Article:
The way a crow Shook down on me The dust of snow From a hemlock tree
Has given my heart A change of mood And saved some part Of a day I had rued.
“Dust of Snow” is a short poem by Robert Frost, published in the Pulitzer Prize-winning volume New Hampshire (1923). The poem’s speaker, possibly the poet himself, is initially unhappy. But a sprinkling of snow, dislodged by a crow in the tree above the speaker, brings an element of surprise that partly “save[s]” the speaker’s bad day. The poem thus shows how nature can lift people’s mood, if only temporarily.
I began my life in the South and for five years lived as a closeted teacher, but am now making a new life for myself as an oral historian in New England. I think my life will work out the way it was always meant to be. That doesn't mean there won't be ups and downs; that's all part of life. It means I just have to be patient. I feel like October 7, 2015 is my new birthday. It's a beginning filled with great hope. It's a second chance to live my life…not anyone else's.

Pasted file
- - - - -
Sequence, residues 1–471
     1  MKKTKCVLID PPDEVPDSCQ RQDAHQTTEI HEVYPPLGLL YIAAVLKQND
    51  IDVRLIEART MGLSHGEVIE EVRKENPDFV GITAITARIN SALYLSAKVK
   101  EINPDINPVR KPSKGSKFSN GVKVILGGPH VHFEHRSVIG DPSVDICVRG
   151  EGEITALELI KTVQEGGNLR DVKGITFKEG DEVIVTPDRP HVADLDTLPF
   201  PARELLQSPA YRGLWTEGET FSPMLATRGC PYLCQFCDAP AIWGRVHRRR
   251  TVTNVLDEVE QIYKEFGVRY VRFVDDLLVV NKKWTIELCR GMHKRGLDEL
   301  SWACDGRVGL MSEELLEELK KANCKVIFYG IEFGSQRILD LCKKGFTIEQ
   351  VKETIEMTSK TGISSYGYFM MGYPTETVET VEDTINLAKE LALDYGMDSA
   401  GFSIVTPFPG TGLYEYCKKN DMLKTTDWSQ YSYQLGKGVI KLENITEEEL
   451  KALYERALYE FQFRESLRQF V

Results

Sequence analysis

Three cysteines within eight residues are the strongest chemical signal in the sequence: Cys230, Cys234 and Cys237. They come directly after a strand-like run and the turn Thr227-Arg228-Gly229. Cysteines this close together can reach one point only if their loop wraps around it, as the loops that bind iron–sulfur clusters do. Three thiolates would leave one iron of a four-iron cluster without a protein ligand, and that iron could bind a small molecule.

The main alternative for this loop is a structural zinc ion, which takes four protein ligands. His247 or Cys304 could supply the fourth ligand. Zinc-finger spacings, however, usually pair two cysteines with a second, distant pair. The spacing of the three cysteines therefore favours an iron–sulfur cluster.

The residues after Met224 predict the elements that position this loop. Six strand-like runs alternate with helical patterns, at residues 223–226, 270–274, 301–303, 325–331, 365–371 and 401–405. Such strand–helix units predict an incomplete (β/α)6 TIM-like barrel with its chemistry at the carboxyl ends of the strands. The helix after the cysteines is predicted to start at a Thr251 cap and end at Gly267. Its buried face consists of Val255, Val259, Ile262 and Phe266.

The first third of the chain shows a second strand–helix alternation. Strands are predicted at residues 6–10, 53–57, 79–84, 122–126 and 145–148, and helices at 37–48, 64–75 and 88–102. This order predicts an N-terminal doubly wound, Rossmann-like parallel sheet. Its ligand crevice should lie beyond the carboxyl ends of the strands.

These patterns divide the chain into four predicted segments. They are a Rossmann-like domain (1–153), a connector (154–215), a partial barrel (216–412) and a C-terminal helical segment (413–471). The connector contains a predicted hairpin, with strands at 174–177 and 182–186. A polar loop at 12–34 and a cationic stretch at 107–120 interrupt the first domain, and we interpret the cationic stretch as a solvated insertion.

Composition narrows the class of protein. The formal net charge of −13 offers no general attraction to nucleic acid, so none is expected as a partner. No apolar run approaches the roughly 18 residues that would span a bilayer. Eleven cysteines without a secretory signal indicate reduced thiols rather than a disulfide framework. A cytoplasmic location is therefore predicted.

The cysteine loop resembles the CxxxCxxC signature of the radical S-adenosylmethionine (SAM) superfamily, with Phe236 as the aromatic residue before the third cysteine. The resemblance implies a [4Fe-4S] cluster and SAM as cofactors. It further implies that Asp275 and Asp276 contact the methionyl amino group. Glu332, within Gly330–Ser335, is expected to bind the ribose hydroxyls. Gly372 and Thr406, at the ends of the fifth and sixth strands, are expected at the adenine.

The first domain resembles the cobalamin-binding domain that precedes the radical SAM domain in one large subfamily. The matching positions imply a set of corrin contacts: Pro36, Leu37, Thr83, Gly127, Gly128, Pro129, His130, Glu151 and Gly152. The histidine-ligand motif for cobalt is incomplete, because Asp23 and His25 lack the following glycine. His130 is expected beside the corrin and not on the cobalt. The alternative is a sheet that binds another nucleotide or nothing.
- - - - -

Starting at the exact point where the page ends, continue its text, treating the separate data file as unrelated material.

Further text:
My profile picture is "David and Me," 2001 painting by artist Steve Walker. It happens to be one of my favorite modern gay art pieces.
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This entry was posted on Tuesday, February 7th, 2023 at 6:00 am and posted in Poetry. You can follow any responses to this entry through the RSS 2.0 feed.
February 7th, 2023 at 11:44 am
Frost is one of my favorite poets. So many see the rustic imagery and think of him as conservative and rural. They fail to see the deeper meaning hidden by thee image. So in some ways Frost is related to Wordsworth where the real subject often is the life of the mind.